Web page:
45 From noon on, darkness came over the whole land until three in the afternoon. 46And about three o’clock Jesus cried with a loud voice, ‘Eli, Eli, lema sabachthani?’ that is, ‘My God, my God, why have you forsaken me?’ 47When some of the bystanders heard it, they said, ‘This man is calling for Elijah.’ 48At once one of them ran and got a sponge, filled it with sour wine, put it on a stick, and gave it to him to drink. 49But the others said, ‘Wait, let us see whether Elijah will come to save him.’ 50Then Jesus cried again with a loud voice and breathed his last. 51At that moment the curtain of the temple was torn in two, from top to bottom. The earth shook, and the rocks were split. 52The tombs also were opened, and many bodies of the saints who had fallen asleep were raised. 53After his resurrection they came out of the tombs and entered the holy city and appeared to many. 54Now when the centurion and those with him, who were keeping watch over Jesus, saw the earthquake and what took place, they were terrified and said, ‘Truly this man was God’s Son!’
Now, the dying - slow, sad, suffering. Two taunting companions, crucified with him, join in the abuse. No ‘good thief’ in this account - nothing but misery. The mocking of the crowd; the self-righteous priests and religious authorities who imagine they have won the battle; those ordinary folk who may have looked up and thought ‘there but for the grace of God go I…’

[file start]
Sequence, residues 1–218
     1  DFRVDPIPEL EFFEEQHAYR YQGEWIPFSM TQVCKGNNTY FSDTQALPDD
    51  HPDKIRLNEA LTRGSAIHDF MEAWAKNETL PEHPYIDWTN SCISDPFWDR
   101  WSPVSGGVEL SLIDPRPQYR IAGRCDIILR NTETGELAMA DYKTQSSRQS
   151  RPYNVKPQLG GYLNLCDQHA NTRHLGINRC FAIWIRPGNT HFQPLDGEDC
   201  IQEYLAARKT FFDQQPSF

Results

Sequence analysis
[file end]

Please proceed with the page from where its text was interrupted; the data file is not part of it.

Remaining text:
Oddly, it was his death that does it. The first minds are changed in the moments following Jesus death. The earth shook, rocks were split, tombs were opened and the temple curtain is torn in two. And the soldiers who stood guard - those battle hardened, cynical servants of Caesar whose job it was to see the thing through to the end - these men watch in fear and awe and declare at the end “Truly this man was God’s Son!” This detail often escapes us. That there is, even in this awful moment, a declaration of faith.
Too late, you say; the deed is done. But faith is all that is needed. For at times like these, faith is all we have.
Let us pray
O God, this is a day of grief - a day of dark moods and darkened skies.
The grief we’ve nurtured these last several weeks finds a sharp focus in the story of Jesus’ torment and death,
and yet, in the declaration of a Roman soldier, at the bitter end,
we find a glimmer of hope.
Lend us that slight hope as we watch and wait through this day and the next.
Kindle in us the cry of delight that can be ours on the third day,
and help us guard the flame of faith against all our difficult days.